If we have been given a means of facing the rage against our disrespect with integrity and receiving it as God’s discipline, then the wrath doesn’t stick to us but becomes a refining spiritual fire instead. Otherwise, we “store up wrath,” to use Paul’s phrase, and it hardens us like the heart of the Egyptian Pharaoh as we rationalize and justify our sin or it beats us up uselessly into a miserable self-hating existence.
Sacrifice provides a means of purifying the wrath from a community. When people hurt each other, a spiritual violence is created in their community that exceeds the direct consequences of the action. Black eyes heal but the spiritual cysts that they create will not without God’s intervention. The ancient Israelites received from God the means of transferring their stored up wrath into sacrificial animals through violent religious ritual. Christians believe that Jesus is the sacrificial lamb of God who fulfills that function for us.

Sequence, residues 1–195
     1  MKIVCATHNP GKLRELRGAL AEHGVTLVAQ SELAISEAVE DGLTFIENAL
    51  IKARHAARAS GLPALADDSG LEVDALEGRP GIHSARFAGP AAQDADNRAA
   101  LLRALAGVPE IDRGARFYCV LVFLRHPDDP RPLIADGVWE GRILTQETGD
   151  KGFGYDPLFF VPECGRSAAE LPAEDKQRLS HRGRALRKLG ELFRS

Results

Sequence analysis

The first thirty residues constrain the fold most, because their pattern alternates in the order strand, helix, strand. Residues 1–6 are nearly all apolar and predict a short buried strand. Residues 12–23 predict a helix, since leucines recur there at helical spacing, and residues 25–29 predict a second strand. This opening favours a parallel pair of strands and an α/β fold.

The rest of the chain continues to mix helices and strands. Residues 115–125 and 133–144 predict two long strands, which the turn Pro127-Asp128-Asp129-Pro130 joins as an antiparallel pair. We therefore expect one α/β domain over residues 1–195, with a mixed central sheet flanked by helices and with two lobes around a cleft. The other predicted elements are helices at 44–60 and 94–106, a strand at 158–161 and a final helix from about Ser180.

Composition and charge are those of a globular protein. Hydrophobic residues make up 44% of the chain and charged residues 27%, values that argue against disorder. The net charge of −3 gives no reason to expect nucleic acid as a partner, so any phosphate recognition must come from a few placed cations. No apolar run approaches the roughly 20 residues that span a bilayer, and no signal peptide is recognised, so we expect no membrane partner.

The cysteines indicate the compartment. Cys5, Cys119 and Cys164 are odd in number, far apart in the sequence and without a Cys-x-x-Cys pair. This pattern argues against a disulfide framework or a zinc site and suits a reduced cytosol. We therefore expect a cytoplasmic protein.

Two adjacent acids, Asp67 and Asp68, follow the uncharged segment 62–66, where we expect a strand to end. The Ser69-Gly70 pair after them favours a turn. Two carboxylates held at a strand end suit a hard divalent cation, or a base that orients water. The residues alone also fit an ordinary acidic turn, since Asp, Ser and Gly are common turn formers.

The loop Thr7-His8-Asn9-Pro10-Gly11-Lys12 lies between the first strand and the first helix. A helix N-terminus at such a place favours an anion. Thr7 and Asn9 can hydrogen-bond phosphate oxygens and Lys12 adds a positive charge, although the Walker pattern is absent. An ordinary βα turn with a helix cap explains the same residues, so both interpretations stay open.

If we accept Jesus’ sacrifice, we can process the wrath that judges us constructively rather than being in denial or completely despondent about it. It is not so much that God is watching to see if we make a “decision” for Jesus as His means of deciding whether He’s going to hate us or love us for eternity, but rather that God has given us a story to live in which empowers us to walk in His light rather than hide fearfully in our darkness (John 3:19). God’s love always has wrath in itThose who spend their whole lives resisting the chemotherapy of God’s wrath are like tumors that have ceased to have any redeemable viable tissue and can only be removed from the body in order to restore it to shalom, torah, and mishpat.